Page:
In another preferred embodiment comprising a carbonation device illustrated by FIG.3 of U.S. Patent No. 4,007,134, supra, a molded block in the form of a disc having a plurality of elongated channels extending from one surface to an opposite surface is held in place at the bottom of a serving cup. The disc is a C02-loaded molecular sieve material having an amount of carbon dioxide effective to'carbonate the beverage when brought in contact with the liquid. Chilled water or cool tap water and ice are preferred beverage-making liquids. Carbonated water can also be used as both the carbonation device and the beverage-making liquid.
For best results, ice and water are added to the serving cup containing the dry carbonated beverage mix to provide a specified total volume.
An anti-foaming agent can be included in the dry beverage mix. A rapidly dissolvable dry antifoam additive for dry beverage compositions is disclosed in U.S. Patent 3,983,251 to Gyanendra Singh, September 28, 1976, assigned to The Procter & Gamble Company.. The antifoamant can be an integral part of the flavor crystals of the dry beverage mix.
- . EXAMPLE I
Flavor Crystals Preparation
The products and methods of this invention are further illustrated but not limited to the following Examples
A 200 g batch of flavor crystals, which when used constitute about 6.7 parts by dry weight (93.3 parts fructose sweetener) of a low-calorie dry beverage mix, was prepared as flows;
All of the liquid ingredients were weighed into a single container.
- EXAMPLE II
All the dry ingredients were weighed separately, then slowly added to the liquid ingredients while blending until a uniform slurry mixture was obtained. Present in the formulation, at a level of about 15 ppm in a 10.6 fluid ounce drink, is monoammonium glycyrrhizinate, a natural GRAS sweet flavor enhancer derived from the licorice plant. The thick liquid slurry product was poured into stainless steel trays and vacuum-dried at a temperature of about 100°F for approximately 20 hours. The dried flavor crystals were screened through a U.S.#12 screen, and the acceptable flavor crystals were retained on a U.S. #20 screen.
Several sample servings of a dry, low-calorie, dietetic carbonated beverage mix were prepared by dry admixing 93.3 parts of substantially dry and essentially pure crystalline fructose with 6.7 parts of the dry flavor crystals of Example I. This is about 15.9 g of fructose and about 1.15 g of flavor crystals for a total weight of 17.05 g of dry beverage mix per 10.6 fluid ounce drink, including 105 g of cubed ice (3.55 fluid ounce). The dry mix was placed in a serving cup equipped with a CO2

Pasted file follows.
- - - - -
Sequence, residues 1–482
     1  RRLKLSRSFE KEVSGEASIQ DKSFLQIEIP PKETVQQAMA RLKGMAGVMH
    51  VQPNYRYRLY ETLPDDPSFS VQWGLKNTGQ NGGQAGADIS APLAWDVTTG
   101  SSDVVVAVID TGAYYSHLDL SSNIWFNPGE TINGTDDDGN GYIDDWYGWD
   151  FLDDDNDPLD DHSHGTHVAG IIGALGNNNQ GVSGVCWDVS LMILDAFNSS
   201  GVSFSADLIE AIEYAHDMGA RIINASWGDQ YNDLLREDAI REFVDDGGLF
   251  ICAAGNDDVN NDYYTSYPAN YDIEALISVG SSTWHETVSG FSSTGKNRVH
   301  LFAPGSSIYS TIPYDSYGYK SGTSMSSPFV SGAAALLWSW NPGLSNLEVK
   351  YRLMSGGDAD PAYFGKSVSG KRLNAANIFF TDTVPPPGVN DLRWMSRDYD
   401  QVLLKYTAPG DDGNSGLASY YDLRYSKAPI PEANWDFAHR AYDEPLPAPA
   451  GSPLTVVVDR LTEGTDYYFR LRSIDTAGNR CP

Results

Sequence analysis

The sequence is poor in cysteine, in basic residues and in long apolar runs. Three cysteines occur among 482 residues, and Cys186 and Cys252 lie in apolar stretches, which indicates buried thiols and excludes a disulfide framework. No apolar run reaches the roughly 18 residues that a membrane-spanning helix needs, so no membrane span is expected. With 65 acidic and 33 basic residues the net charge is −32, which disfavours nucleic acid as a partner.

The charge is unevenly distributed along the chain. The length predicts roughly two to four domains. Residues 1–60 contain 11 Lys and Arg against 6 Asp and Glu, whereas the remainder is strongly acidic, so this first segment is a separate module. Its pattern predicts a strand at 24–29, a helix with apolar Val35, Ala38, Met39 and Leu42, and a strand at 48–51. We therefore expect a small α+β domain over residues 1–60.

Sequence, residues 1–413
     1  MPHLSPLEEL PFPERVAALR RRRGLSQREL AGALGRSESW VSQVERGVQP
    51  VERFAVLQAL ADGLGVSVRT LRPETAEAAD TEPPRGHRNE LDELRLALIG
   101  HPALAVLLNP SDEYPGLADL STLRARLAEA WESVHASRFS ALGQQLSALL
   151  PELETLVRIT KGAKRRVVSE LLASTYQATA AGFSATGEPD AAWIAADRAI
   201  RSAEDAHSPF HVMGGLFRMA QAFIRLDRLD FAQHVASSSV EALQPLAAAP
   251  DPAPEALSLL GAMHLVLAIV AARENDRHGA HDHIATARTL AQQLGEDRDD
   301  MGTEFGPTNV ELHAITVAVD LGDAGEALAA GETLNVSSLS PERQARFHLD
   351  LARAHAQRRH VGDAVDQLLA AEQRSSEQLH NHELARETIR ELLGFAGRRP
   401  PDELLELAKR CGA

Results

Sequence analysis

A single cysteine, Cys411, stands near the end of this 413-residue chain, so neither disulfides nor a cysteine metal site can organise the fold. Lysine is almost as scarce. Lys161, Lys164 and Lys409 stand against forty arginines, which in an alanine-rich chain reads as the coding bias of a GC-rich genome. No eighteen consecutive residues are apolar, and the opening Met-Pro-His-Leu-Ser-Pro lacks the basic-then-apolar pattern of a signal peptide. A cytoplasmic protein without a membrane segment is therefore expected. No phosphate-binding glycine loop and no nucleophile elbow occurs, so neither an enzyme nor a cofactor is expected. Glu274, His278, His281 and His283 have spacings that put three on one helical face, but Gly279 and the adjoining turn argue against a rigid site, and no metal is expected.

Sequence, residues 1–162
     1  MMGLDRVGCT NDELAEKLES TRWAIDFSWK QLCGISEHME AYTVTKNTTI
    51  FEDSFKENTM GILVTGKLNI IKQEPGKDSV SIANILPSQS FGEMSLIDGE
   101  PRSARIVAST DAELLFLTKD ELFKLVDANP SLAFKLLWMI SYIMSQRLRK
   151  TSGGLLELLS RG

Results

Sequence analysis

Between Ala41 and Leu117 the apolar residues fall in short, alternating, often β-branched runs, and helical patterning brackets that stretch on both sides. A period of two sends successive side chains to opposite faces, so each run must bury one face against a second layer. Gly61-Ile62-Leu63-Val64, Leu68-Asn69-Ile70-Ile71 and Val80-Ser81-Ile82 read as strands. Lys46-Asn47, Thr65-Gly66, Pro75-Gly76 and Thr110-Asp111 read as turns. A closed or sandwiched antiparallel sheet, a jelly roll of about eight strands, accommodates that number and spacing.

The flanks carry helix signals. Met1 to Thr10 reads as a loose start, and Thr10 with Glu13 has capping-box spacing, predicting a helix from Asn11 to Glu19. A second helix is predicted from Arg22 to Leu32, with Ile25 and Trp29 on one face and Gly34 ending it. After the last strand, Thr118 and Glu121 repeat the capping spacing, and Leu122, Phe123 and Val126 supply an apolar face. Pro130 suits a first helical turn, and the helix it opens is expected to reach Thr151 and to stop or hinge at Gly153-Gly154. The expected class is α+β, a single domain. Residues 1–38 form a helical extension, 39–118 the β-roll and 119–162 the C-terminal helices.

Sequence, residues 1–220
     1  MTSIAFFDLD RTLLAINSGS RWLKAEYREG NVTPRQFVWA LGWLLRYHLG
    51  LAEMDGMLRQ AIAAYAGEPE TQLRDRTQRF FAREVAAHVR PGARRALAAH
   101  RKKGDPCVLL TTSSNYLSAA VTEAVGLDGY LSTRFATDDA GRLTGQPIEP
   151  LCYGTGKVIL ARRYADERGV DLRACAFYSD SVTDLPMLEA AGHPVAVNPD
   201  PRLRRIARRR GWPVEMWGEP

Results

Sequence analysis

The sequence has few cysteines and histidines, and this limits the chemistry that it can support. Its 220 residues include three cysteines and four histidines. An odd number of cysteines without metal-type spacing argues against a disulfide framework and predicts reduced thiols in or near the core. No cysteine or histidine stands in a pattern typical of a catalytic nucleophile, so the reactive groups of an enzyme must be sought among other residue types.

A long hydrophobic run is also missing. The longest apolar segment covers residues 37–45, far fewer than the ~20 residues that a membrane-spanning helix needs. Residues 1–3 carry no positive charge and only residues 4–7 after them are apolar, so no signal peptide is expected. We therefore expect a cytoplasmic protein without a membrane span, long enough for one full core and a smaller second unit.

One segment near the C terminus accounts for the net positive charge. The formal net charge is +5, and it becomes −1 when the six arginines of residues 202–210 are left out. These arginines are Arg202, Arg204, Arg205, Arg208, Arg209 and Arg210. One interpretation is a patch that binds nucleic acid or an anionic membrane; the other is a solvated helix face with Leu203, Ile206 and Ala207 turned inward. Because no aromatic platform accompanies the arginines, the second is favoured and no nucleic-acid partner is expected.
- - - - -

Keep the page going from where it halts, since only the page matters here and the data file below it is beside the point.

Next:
-loaded, molecular sieve disc like the one illustrated in Fig. 3 of U.S. Patent 4,007,134, supra. At the point-of consumption, the ice is placed in the cup and cool tap water added. The beverage is rapidly carbonated.
A panel of expert casters in a blind test tasted two beverages. The panelist rated the sweetness of each beverage on a sweetness scale of 10 to 90. One of the beverages, shown in Table I under column A, was made from the dry low-calorie beverage mix of Example II. The other beverage shown under column B was prepared by dissolving the same dry beverage mix of Example II in 200 ml of cool tap water a day before. When served, the one-day-old solution was poured into a serving cup containing 105 g of cubed ice and a CO2-loaded disc for a 10.6 fluid ounce serving.
The beverage under column A was freshly prepared from the dry mix by adding about 105 g of cubed ice and 200 ml of cool tap water thereto. The beverage is rapidly carbonated.
The beverages, each having a caloric content of about 6.0 per fluid ounce of serving, were allowed to stand for about 4 minutes before tasting. After about 4 minutes, the level ef carbonation in both beverages was about 1.5 to about 1.6 volumes of CO2 per volume of liquid.
The sweetness level of the beverage under column A was found by all panelists to be greater than that of the bevorage under column B.
On a sweetness scale of 10-90 as used in Table I, ratings approaching 10 are the least sweet, whereas ratings approaching 90 are the most sweet, with both extremes being unacceptable with the optimum level of sweetness being about 50. It will be noted from Table I that the average panelist rated the sweetness of Beverage A near the optimum mid-point of the . rating scale.
A 2000 g batch of a dry low-calorie dietetic carbonated cola beverage mix was prepared having the following formulation:
The dry mix was prepared by weighing and mixing the dry ingredients together first and then combining the admixture with the liquid cola flavor base and acidulant. This admixture resulted in a uniform liquid slurry. The slurry was then mixed with the fructose in a Hobart blender until a uniform wet flavor-coated fructose mass resulted. This wet mass was transferred to trays and vacuum-dried at a drying shelf temperature between room temperature and 100°F. The dried product was passed through a U.S. #6 screen and retained on a U.S. #18 Standard screen to provide a combination of the fructose sweetener coated with said flavorant and acidulant.
The dry beverage mix was packed into serving cups having a CO2-loaded carbonation disc as described in U.S. Patent 4,007,134, Fig. 3, supra, at a level of 17.5 g; about 105 g of ice was added to make a 11.3 fluid ounce serving. When the water was introduced into the cup making contact with the disc and dry mix, the C02 discharged to agitate and promote the dissolution of the dry mix and provide beverage carbonation. The beverage was rapidly carbonated.
The beverage was allowed to stand for about 5 minutes; a panel of expert tasters tasted the fructose-sweetened dietetic carbonated beverage and found it acceptably sweet and without any unpleasant aftertaste.